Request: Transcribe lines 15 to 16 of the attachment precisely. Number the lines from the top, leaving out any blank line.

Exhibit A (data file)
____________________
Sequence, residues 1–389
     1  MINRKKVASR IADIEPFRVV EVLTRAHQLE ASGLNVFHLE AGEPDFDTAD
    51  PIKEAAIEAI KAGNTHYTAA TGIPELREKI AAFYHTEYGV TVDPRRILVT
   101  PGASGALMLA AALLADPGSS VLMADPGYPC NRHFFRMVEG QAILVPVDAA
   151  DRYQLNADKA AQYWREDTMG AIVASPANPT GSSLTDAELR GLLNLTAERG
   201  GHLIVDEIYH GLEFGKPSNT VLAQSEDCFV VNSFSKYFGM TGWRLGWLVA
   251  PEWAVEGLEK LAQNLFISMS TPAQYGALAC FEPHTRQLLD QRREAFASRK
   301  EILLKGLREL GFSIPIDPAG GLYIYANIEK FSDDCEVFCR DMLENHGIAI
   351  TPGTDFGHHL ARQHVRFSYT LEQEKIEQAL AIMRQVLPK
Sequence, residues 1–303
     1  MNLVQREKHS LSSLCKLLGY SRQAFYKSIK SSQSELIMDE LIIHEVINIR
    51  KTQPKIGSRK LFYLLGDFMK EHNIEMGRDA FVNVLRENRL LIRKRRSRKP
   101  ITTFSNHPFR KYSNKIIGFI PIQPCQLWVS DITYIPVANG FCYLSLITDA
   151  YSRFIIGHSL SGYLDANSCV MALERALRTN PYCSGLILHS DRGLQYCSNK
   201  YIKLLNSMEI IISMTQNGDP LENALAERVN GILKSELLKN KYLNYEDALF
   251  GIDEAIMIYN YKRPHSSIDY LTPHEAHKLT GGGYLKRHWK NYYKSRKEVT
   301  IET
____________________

   201  YIKLLNSMEI IISMTQNGDP LENALAERVN GILKSELLKN KYLNYEDALF
   251  GIDEAIMIYN YKRPHSSIDY LTPHEAHKLT GGGYLKRHWK NYYKSRKEVT